The dialogue I mention earlier in the essay uncovers a lot of Juri’s motivation to duel, so I’ll repeat it here:

Miki: With this Rose Signet, the gates to the Duel Arena opened, and the illusionary castle appeared, just as the letters said.
Juri: I know. I could never quit once I saw that spectacle.
Touga: True. The Ends of the World writes in the letters ---
Touga: "The one who wins a series of Duels and becomes engaged to the Rose Bride, shall eventually reach the castle and receive the power to revolutionize the world."
Touga: And so, we must keep fighting.

    Miki speaks with a scholarly interest in what he saw, it certainly impressed him, but it was not the motive that drove him. Touga disregards the illusionary castle entirely, choosing to quote Ends of the World’s offer of power as why they must fight. Juri’s reaction seems the most emotional. Miki and Touga were not seduced by that scene, but it touched something in Juri. There’s little falsehood in her, and when she says that the miracle she saw forced her to join the game, she means it. If any of the Duelists had questioned Ends of the World’s claims, it would have been Juri, but even her protests were silenced by the theatrics of the duel arena. She saw Ends of the World could maybe produce miracles, and so perhaps maybe he could produce one for her. Maybe.

    The hurt she felt was much fresher when she first joined the Seitokai, and it’s probable that while already quite fond of her misery, at the time she still had something left of a real desire to escape it. That shadow of a hope is what attracted her to the game, but time’s gone by, and apparently it’s not delivered as fast as Juri wanted it to. She continues to duel, but she’s convinced herself she’s only chasing her tail.

    Nanami is a strange case among the duelists. She didn’t sign on to the Seitokai as part of the agreement to be a duelist, and she’s not a participant in the game because she wants to be. Akio offers her nothing and cannot claim her allegiance. Touga is Nanami’s Ends of the World, and she plays the game he sets for her.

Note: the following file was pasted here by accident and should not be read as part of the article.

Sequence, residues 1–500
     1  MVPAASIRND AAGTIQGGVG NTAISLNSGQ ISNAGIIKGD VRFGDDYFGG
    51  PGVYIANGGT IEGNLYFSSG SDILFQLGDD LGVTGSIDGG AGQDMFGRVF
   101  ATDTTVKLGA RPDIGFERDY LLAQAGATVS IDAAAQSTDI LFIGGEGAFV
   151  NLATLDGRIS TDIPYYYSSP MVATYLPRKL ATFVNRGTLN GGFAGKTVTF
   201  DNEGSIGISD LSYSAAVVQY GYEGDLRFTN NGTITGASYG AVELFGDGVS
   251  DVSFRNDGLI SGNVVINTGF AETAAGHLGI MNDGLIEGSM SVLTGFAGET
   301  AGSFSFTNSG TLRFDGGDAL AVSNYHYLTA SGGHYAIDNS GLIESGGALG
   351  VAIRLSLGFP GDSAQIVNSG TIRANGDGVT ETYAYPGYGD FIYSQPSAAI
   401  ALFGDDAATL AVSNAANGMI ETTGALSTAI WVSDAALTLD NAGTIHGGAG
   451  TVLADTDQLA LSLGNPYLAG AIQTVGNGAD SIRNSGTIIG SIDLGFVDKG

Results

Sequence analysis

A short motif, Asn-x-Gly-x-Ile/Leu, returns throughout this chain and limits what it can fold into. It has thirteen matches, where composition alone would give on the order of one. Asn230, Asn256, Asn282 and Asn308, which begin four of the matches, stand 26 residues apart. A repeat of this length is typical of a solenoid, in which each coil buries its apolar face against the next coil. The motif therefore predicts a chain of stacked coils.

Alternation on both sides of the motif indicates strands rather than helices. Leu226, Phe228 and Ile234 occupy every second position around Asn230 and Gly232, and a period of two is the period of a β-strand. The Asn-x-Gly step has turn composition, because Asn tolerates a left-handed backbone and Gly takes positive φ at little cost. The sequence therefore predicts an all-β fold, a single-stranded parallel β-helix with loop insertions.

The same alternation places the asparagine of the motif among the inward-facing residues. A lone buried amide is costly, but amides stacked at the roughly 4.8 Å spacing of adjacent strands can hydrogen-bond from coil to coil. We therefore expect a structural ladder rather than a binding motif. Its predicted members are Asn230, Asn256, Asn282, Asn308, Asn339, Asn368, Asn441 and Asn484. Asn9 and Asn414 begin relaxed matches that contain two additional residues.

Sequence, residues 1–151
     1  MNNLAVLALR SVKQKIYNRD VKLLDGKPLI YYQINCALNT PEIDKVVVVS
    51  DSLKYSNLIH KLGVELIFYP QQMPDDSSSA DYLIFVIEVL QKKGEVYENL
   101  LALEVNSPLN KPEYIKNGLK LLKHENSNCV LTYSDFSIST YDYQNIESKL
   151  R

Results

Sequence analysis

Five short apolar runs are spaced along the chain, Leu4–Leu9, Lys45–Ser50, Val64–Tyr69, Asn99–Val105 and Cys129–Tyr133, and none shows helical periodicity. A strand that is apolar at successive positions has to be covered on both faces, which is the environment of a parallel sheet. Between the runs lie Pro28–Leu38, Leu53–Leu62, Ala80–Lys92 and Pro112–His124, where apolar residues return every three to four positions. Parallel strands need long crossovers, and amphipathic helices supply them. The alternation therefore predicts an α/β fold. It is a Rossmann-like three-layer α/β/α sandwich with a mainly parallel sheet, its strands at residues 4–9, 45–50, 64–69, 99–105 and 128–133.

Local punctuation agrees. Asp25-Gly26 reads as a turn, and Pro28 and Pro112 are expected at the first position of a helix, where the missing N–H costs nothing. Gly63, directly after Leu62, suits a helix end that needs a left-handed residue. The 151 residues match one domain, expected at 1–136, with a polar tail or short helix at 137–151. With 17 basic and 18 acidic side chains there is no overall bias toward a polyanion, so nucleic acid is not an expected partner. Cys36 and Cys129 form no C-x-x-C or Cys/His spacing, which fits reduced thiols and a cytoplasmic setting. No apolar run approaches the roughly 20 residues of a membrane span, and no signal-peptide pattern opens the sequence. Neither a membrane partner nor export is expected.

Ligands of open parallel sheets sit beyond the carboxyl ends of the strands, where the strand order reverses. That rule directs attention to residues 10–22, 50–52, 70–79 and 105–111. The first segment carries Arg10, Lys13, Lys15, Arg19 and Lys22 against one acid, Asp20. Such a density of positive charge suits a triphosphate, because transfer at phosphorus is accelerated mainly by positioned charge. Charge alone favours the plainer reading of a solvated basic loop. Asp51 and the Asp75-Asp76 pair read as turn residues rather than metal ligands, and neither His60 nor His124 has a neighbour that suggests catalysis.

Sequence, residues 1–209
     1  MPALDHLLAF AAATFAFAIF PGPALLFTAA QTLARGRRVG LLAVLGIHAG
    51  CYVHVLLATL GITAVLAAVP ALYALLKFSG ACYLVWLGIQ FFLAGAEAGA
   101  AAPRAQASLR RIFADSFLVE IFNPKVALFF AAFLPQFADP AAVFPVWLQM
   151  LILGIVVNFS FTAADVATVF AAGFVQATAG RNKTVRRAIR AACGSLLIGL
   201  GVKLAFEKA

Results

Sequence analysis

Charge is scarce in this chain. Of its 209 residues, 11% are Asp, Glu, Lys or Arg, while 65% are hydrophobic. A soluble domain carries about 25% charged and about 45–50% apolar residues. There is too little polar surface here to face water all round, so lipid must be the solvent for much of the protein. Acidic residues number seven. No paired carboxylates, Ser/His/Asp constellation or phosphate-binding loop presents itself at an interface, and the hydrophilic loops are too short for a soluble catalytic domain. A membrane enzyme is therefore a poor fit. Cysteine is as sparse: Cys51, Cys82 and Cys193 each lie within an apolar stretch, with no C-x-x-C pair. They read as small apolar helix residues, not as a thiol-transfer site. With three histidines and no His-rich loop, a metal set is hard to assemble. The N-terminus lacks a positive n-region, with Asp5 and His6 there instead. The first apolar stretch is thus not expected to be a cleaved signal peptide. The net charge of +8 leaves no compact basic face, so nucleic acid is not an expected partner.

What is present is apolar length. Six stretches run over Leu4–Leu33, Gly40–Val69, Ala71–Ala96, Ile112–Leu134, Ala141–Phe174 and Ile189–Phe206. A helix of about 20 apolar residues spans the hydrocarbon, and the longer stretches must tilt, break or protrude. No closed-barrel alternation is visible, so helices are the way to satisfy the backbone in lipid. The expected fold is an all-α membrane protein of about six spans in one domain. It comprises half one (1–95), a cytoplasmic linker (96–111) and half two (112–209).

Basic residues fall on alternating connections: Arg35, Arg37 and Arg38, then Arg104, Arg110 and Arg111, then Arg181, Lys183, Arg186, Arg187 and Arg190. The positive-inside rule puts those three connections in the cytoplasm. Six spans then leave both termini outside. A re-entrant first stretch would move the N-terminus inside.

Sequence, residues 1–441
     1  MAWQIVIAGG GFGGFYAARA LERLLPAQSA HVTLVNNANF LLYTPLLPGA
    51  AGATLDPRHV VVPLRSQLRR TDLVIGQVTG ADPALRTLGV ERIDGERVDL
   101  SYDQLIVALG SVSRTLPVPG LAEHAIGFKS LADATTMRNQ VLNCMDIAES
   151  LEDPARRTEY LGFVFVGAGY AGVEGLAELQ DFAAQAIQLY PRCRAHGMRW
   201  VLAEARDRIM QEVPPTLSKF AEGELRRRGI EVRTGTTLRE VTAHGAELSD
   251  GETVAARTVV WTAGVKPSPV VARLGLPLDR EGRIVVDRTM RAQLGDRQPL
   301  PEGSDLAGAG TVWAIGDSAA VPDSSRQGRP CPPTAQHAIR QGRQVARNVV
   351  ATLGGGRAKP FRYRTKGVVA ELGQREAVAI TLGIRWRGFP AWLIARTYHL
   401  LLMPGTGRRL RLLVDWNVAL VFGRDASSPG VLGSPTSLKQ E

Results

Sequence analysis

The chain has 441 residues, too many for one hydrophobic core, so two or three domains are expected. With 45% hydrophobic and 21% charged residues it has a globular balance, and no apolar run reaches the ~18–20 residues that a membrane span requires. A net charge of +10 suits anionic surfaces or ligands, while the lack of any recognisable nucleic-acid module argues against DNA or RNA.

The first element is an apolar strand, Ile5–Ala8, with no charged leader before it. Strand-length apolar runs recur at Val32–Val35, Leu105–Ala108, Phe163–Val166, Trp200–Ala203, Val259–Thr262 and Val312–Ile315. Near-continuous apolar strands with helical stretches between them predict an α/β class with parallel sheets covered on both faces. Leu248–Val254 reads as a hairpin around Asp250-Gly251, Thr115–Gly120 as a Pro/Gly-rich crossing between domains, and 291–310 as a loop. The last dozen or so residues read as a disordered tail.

She’s dragged into the game with no knowledge of what it is, beyond that it’s an interest of Touga’s. That’s really all that concerns her. The floating castle and the Power of Dios went unnoticed; all that mattered was the ring her prince gave her. In this way, Nanami makes a strange comparison to Utena. They both fight independent of the lure of Ends of the World, they both fight on behalf of a loved one, and they were both set on their harsh paths by ‘princes’.

    Nanami’s intention is to hurt Utena. She disregards the rules of the game, and has no interest in gaining the Rose Bride. Nanami’s only motive in joining the dueling game is to defend her brother. This upstart Utena is getting way too much of his attention and she doesn’t share Touga with anyone. That’s her _only_ motive for the first duel. It doesn’t come with the baggage of permanence in the council that the others carry. She ignores the Seitokai and the dueling game after this until Touga’s unfortunate psychological coma, where she takes the helm as his stand-in Seitokaichou. She says she has the qualifications (the rose signet), and the rest of Seitokai doesn’t arguee her claim to ownership.